Panic Disorder and Chronic Caffeine Use: A Case-control Study
Veruska Andrea Santos1, Silvia Hoirisch-Clapauch2, Antonio E. Nardi1, Rafael Christophe Freire1, 3, *
Identifiers and Pagination:Year: 2019
First Page: 120
Last Page: 125
Publisher ID: CPEMH-15-120
Article History:Received Date: 08/07/2019
Revision Received Date: 21/08/2019
Acceptance Date: 02/09/2019
Electronic publication date: 30/09/2019
Collection year: 2019
open-access license: This is an open access article distributed under the terms of the Creative Commons Attribution 4.0 International Public License (CC-BY 4.0), a copy of which is available at: (https://creativecommons.org/licenses/by/4.0/legalcode). This license permits unrestricted use, distribution, and reproduction in any medium, provided the original author and source are credited.
Acute administration of caffeine produces panic attacks in most Panic Disorder (PD) patients, but little is known about chronic caffeine use in these patients.
To assess caffeine use in patients with PD and to ascertain if caffeine consumption is associated with sociodemographic or clinical features.
65 adults with PD and 66 healthy controls were included in the current study. Their caffeine intake within the previous week was quantified with a questionnaire and compared. Harmful caffeine use was defined as consumption above 400 mg/day of caffeine. We tested for correlations between caffeine intake, demographic and clinical features.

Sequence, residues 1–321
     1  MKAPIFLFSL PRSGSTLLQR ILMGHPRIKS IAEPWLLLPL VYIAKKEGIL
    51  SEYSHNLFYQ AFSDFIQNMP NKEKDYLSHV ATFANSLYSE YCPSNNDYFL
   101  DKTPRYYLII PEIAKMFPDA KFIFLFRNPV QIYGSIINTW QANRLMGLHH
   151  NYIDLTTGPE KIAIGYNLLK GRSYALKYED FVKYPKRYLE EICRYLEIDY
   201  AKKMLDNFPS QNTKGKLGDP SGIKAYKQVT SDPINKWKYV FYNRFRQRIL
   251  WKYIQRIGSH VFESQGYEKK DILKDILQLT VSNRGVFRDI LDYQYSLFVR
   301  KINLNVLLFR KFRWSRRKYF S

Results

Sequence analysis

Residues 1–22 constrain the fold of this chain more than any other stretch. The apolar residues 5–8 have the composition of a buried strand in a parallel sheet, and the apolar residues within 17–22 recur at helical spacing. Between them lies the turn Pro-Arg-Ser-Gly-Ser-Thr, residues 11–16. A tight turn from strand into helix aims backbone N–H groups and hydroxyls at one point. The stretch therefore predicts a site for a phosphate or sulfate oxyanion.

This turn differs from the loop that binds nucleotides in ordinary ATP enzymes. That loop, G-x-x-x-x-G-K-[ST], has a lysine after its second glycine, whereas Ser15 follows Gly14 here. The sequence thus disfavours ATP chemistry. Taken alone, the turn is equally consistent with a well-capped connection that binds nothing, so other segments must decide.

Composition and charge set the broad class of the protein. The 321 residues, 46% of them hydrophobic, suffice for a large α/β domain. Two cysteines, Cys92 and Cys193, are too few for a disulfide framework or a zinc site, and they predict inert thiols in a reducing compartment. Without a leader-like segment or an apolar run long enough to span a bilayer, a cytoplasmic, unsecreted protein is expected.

Patients consumed significantly more caffeine than controls (P < 0.001). 14% (N = 9) of the PD patients made harmful use of caffeine. The use of caffeine-containing medications was observed in 40% (N = 26) of the PD patients and 6% (N = 4) of controls. Consumption of energy drinks was observed in 11% (N = 7) of PD patients and in none of the healthy subjects. Patients reported sleeping significantly less than controls (P < 0.001). In PD patients, caffeine consumption was not correlated with the presence of panic attacks or comorbidity with depression. The use of benzodiazepines or sedative medications was not correlated with caffeine intake.
High caffeine consumption in PD patients could be explained by the development of tolerance with regular use of this substance. Subtypes of sensitive and non-sensitive PD patients could also explain why some of these patients are able to tolerate high doses of caffeine.